Posts Tagged ‘coconut oil’

I first made these cookies in the 45 minutes I had before our dinner guests arrived, when I realized I didn’t have anything for dessert.  I took this biscuit recipe (originally from PaleoinPDX) and madly made some adjustments, without measuring the cacao.

My guests, and my family, loved them immediately, unanimously, and without reservation.

I made them again (approximately, since I still hadn’t measured the cacao) for another occasion, and was begged for the recipe.  By request, I made again them for two friends’ birthdays, and then my pastor tried them and fell in love blessed them.  This was getting ridiculous.  It was obviously time to make this an official Farmers Taft recipe!


Double Chocolate Chocolate Chip Cookies (Gluten-Free)

Makes 24 cookies.


  • 2 1/2 c. blanched almond flour
  • 2 T. coconut flour
  • 1/2 c. raw cacao powderIMG_20130907_231716
  • 1/2 t. baking soda
  • 3/4 t. sea salt
  • 2 eggs
  • 2 T. butter, melted
  • 2 T. coconut oil, melted
  • 1/3 c. honey
  • 1 c. chocolate chips
  • Sugar for tops (optional)


  1. Preheat oven to 350 degrees F.  Line baking sheet with parchment paper.
  2. In a large bowl, combine almond flour, coconut flour, cacao powder, baking soda, and sea salt.
  3. In a smaller bowl, combine eggs, butter, coconut oil, and honey.
  4. Stir wet mixture into dry mixture.
  5. Stir in chocolate chips.
  6. Drop spoonfuls of dough onto baking sheet.  Flatten with the bottom of a glass dipped in sugar.
  7. Bake for 14 minutes at 350 degrees F.  Let cool completely, and enjoy!

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After the kids went to bed tonight, I tossed together some almond flour berry muffins.  The recipe is from Elana Amsterdam’s (of Elana’s Pantry) wonderful paleo book, The Gluten-Free Almond Flour Cookbook.  I doubled and modified her delicious Chocolate Chip Banana Cake recipe to omit the honey, and used frozen mixed berries instead of chocolate chips.

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Banana-Berry Muffins

INGREDIENTSMuffin Close up

  • 3 c. blanched almond flour
  • 1/2 t. sea salt
  • 1 t. baking soda
  • 1/4 c. coconut oil, melted
  • 3 large eggs
  • 1 T. vanilla extract
  • 1 c. frozen mixed berries
  • 1/2 c. (about 1-2) ripe bananas, mashed


  1. Preheat the oven to 350 degrees.  Arrange silicone muffin liners on a baking sheet.
  2. In a large bowl, combine the almond flour, sea salt, and baking soda.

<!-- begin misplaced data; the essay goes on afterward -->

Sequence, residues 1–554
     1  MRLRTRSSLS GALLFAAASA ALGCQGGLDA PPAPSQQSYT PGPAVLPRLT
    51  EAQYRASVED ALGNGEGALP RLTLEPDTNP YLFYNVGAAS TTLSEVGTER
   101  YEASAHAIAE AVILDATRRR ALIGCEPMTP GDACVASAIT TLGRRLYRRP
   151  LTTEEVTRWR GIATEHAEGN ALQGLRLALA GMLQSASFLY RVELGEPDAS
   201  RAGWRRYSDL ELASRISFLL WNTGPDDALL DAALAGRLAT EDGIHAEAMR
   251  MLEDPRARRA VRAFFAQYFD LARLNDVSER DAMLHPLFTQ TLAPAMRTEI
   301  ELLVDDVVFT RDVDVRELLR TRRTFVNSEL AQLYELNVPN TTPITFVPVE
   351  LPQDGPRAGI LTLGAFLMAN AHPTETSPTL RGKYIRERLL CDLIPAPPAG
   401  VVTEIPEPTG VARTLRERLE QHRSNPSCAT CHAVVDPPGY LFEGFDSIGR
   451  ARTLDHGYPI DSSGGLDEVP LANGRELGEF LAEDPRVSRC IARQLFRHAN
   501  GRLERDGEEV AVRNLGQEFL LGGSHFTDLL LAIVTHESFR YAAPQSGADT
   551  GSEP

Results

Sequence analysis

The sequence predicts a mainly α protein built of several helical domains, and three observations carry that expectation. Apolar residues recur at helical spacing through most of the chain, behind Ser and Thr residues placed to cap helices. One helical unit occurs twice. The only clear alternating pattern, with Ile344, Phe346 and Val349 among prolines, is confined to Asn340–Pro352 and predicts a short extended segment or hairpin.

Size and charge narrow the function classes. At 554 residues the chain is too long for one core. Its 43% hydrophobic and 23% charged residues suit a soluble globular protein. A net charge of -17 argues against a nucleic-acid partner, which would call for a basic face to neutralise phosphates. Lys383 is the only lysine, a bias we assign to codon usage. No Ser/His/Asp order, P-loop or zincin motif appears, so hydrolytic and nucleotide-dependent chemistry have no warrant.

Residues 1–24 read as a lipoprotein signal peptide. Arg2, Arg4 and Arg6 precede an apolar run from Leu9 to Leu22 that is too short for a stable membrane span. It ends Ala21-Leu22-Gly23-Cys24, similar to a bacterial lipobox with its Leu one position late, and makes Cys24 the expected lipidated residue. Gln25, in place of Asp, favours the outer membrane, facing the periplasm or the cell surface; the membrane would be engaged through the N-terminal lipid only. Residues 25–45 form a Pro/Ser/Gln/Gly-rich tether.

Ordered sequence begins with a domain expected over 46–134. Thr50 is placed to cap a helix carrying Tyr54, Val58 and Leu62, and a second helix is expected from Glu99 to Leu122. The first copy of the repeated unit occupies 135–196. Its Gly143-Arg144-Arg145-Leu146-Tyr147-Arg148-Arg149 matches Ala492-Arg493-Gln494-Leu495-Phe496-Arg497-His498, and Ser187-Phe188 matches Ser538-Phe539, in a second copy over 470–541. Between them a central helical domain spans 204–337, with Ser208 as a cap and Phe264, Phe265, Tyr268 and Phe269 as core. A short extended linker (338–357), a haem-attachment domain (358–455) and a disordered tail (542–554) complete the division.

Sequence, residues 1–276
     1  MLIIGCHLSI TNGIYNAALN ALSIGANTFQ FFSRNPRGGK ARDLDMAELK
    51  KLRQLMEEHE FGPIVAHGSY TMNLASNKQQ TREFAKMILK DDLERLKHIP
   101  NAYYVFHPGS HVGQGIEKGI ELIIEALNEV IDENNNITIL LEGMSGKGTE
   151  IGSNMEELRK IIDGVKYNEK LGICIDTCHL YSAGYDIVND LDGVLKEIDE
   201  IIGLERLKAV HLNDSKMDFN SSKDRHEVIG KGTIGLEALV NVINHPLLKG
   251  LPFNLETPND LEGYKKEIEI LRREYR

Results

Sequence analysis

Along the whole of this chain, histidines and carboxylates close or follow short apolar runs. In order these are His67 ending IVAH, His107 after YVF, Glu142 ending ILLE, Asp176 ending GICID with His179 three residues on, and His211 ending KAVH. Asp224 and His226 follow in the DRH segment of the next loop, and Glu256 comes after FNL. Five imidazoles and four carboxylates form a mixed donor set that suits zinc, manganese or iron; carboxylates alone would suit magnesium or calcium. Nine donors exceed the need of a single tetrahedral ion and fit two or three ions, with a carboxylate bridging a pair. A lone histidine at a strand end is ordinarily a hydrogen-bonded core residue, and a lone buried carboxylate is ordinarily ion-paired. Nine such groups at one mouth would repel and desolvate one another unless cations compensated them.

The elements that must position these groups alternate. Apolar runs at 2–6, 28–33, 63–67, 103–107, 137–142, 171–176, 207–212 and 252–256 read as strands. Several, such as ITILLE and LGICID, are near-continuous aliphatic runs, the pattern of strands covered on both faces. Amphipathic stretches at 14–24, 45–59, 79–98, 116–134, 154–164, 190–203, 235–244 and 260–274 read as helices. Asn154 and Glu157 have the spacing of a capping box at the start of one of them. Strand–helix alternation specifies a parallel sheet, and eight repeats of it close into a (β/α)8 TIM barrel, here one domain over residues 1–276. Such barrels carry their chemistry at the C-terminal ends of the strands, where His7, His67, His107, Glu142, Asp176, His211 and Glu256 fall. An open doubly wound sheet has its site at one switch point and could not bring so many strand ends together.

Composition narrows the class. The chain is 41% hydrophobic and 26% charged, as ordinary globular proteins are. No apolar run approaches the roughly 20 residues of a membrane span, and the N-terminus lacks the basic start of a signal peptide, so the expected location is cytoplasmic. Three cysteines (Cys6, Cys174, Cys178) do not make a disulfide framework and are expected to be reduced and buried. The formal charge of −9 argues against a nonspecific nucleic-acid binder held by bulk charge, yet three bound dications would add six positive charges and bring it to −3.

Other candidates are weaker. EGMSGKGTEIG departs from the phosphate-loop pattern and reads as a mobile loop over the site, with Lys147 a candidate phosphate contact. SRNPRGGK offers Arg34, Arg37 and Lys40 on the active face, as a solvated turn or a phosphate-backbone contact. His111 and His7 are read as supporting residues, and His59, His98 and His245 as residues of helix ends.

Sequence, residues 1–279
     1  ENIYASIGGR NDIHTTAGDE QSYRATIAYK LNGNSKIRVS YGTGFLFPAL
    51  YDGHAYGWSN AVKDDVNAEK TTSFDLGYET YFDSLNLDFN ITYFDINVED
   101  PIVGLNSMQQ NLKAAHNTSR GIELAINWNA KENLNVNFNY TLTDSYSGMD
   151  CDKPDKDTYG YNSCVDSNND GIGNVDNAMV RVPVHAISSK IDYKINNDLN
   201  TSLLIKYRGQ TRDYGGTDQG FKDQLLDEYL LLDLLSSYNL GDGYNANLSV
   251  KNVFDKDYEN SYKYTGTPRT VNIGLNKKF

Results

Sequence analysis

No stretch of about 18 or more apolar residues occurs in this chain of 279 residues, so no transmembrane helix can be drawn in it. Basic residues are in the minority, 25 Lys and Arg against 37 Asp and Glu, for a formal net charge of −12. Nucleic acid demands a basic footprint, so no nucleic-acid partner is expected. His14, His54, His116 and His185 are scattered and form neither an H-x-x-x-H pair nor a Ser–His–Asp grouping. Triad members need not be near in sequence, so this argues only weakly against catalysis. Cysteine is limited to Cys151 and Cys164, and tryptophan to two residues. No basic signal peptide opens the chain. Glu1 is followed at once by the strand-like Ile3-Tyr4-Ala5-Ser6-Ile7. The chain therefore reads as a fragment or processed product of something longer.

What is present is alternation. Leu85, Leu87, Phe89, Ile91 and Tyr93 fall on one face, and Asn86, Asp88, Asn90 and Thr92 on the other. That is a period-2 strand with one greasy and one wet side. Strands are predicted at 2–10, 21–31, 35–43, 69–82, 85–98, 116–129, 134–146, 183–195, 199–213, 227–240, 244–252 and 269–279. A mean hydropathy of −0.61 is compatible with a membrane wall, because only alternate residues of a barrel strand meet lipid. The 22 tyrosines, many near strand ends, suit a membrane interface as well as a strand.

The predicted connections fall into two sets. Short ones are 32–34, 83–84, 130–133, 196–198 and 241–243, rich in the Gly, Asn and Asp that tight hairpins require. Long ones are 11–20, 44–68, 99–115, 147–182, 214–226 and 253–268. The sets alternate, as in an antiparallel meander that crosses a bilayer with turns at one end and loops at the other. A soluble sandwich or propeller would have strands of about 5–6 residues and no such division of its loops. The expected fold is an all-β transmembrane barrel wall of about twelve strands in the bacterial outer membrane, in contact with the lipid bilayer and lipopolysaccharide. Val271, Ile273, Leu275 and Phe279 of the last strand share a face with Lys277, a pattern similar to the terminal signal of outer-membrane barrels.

3. In a medium bowl, whisk together the liquid coconut oil, eggs, bananas, and vanilla extract.
  4. Stir the wet ingredients into the almond flour mixture until thoroughly combined.
  5. Fold in the mixed berries and fill each muffin liner about 2/3 full.
  6. Bake for 20-25 minutes, or until a toothpick inserted into a muffin comes out clean.

After I was done making the kids’ lunches, I made mine.  I had some leftover celery sticks that didn’t fit in their lunches, so I put them in a container to take to work.  I decided I wanted some ranch dressing to dip it in.  While humming Rubber Ducky, I pondered my day and set about gathering ingredients.

Mid-hum, I realized that I’d assembled these ingredients, mindlessly and effortlessly, within seconds:

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Without a recipe, without looking anything up in a book, just … experience, in my fingertips.  Holy cow.  I think I might be getting the hang of this real food thing.  Within another couple of minutes, I had this:

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A few whips later and I had my celery dip:

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So Monday started out being a full-on pain in the ass, but after leaving work and as the evening wore on, I had a pretty awesome Monday.

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I started out trying to make this in the Vitamix but it didn’t work.  At all.  Do you know how to do sunseed butter in the Vitamix?  I found several recipes but nothing worked.  The butter just stuck under the blade and no amount of tamping helped.  I finally hauled out my cheapie Black & Decker food processor and let it run for about 15 minutes.